Keeping it loose

In my recent Living Room Make-over post, I showed you my “new” ottoman after I made a simple loose cover for it. I’ve decided that life is just too short for ugly, worn-out furniture but of course re-upholstering is quite the expensive endeavor. 20140218_094824 (600x450)My deep-buttoned leather ottoman has a lovely shape and a great size – perfect for extra seating – but the leather was starting to look horrible.

IMG_7744 (700x467)This cover took me about 4 hours to make and the results are amazing – it looks like it’s brand spanking new! At first I was going to try my hand at full re-upholstery, but after I unscrewed the legs I realized that I am completely mad: this is a white fabric in the most-used room in the house and I have two little boys who are going to want to climb on it! So I promptly screwed the legs back on and proceeded to figure out how to make a loose cover. IMG_7403To be honest, I haven’t done this before, but I always trust in my practical mind when it comes to things like this. I first carefully measured the top and 4 sides, keeping in mind that it is bulging slightly at the sides so I need to allow an extra 20mm or so on the width and height.

IMG_7405 (467x700)Then I cut the fabric according to the measurements, making sure that the pattern is positioned evenly (with one flower in the middle) of the ottoman.

IMG_7415 (700x467)Placing the fabric back on the piece of furniture I folded the excess fabric over on the line of the existing seam and cut my fabric 20mm away from that line.

IMG_7413 (467x700)I started pinning the sides on (fabric inside out) and then proceeded to sew it together. It’s easier keeping it on the ottoman when pinning to get a good fit!

IMG_7418 (700x467)After pinning, I used a clear acrylic straight edge to draw a pencil line along the pins for sewing.

IMG_7421 (700x467)Once all the seams are sewn, you can still tweak it if it doesn’t fit properly. Only after being absolutely happy with the fit, I cut away any excess fabric along the seams.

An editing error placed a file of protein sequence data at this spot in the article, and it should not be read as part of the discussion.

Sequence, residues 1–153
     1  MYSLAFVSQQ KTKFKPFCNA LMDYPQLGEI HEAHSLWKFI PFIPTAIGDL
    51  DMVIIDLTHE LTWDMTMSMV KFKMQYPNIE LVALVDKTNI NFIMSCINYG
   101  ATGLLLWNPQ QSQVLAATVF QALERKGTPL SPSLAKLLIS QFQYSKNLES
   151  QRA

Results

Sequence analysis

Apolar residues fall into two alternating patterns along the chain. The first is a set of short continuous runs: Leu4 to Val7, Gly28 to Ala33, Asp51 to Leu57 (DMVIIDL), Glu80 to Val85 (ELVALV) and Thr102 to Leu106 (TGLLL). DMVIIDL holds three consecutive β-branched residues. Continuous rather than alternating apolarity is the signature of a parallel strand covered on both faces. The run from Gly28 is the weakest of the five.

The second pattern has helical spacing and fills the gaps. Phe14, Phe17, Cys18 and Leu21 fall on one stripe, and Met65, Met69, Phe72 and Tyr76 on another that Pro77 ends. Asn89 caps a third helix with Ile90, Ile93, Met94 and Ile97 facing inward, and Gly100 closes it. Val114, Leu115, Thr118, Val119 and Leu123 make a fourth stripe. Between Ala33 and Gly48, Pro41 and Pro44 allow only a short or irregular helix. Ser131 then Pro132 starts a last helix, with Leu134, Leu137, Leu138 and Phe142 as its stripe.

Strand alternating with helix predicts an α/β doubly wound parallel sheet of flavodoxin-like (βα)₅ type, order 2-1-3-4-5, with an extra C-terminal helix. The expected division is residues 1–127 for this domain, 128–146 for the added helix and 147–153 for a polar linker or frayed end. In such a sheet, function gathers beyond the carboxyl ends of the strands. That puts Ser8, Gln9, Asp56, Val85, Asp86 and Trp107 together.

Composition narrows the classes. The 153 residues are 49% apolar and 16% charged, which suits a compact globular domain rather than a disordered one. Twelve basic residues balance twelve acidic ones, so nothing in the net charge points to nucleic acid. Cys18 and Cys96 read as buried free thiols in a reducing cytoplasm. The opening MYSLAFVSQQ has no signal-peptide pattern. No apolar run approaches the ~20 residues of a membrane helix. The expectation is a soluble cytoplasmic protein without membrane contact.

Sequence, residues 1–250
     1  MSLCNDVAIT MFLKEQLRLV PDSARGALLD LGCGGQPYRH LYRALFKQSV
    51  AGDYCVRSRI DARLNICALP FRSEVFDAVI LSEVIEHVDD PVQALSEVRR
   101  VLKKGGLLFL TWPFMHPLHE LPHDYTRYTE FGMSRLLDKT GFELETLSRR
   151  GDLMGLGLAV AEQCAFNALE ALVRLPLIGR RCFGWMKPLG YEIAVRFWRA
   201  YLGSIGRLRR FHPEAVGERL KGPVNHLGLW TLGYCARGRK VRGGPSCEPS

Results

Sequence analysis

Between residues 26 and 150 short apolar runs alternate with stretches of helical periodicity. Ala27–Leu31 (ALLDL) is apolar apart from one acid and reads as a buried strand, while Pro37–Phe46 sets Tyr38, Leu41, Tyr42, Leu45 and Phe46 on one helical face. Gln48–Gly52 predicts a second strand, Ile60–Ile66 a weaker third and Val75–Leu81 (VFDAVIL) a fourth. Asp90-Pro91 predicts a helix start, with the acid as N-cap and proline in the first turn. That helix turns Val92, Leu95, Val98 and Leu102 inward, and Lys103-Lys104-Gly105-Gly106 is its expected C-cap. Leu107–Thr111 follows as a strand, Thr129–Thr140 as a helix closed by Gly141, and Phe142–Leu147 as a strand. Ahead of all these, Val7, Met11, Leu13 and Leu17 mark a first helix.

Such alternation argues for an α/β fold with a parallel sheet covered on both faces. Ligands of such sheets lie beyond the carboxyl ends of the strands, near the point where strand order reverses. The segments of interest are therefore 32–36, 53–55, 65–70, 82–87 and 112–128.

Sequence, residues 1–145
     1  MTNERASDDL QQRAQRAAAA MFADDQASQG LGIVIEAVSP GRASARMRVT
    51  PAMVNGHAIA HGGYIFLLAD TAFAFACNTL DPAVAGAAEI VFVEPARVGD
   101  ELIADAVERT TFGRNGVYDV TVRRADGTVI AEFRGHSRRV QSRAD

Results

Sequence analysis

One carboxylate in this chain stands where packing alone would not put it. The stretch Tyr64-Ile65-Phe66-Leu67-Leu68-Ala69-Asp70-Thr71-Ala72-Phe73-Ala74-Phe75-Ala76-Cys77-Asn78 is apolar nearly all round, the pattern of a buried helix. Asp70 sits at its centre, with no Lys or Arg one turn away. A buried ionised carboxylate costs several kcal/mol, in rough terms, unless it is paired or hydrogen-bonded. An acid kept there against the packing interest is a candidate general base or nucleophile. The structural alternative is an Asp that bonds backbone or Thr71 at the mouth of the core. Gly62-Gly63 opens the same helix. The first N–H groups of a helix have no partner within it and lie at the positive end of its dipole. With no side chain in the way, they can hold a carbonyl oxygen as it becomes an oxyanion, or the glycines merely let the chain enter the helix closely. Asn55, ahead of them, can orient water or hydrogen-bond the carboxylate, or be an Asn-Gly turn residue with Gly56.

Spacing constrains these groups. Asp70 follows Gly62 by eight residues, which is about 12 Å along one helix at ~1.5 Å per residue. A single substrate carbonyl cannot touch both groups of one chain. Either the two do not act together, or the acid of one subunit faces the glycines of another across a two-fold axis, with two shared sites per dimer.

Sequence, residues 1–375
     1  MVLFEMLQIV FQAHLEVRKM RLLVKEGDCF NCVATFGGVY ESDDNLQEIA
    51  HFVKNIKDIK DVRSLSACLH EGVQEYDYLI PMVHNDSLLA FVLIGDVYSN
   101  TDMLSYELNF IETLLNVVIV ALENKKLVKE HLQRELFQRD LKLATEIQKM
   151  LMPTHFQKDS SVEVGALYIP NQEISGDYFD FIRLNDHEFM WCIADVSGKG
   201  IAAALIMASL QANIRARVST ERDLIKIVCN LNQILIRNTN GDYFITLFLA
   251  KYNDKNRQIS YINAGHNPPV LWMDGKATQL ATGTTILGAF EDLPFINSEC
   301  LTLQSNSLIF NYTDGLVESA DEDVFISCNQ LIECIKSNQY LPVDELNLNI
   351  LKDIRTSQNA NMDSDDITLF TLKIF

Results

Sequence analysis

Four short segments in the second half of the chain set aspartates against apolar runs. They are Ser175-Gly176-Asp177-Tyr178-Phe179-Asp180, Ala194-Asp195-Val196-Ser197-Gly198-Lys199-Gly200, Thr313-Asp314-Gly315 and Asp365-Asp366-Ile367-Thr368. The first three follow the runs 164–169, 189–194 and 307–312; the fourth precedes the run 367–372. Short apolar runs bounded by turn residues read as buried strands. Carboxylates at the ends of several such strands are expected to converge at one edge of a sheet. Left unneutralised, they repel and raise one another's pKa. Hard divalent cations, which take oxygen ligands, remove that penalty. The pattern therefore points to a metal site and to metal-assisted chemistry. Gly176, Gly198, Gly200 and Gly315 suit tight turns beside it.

IMG_7425 (700x467)I didn’t trim any fabric along the bottom so that I could fold it over underneath. Next, I put on the cover (fabric right side out) and turned the ottoman over for working underneath.

IMG_7430 (700x467)IMG_7431 (700x467)I cut away any excess fabric around the legs and then pinched the corners so that it creates a nice snug fit around the base.

IMG_7435 (700x467) (2)A simple roll-seam along the entire hem works very well, at the same securing the pinched corners – it will be underneath so it doesn’t have to be perfect!

IMG_7668 (700x467)  I used the off-cuts to put together enough fabric so that I could pull the cover tight underneath and fix with Velcro.  Pin it in place, cut Velcro strips and sew them on.

IMG_7437 (700x467)Since I really like the buttoned effect of my ottoman, I wanted to keep it even with a loose cover. I made little fabric covered buttons, making sure that they more-or-less match the print where they will be placed (plain on plain and print on print). I marked their positions with a black marker and then sewed them into place on top of the fabric with industrial thread.

IMG_7439 (700x467) I used pants-hooks to keep them in place, with the hook-part sewn into the ottoman using a curved needle and the bar to the underside of the fabric underneath the button. I have to say that it felt a little bit like performing surgery, curved needle and all! I used pliers to close the hooks tightly so that the buttons won’t pop out accidentally.

IMG_7449 (700x467)Make sure that everything is hooked into place before you secure the cover underneath with the Velcro. before

After I absolutely love it and considering I paid R80 (USD8) for the 2 meters of fabric, it was the most cost-effective face-lift I could’ve dreamed of!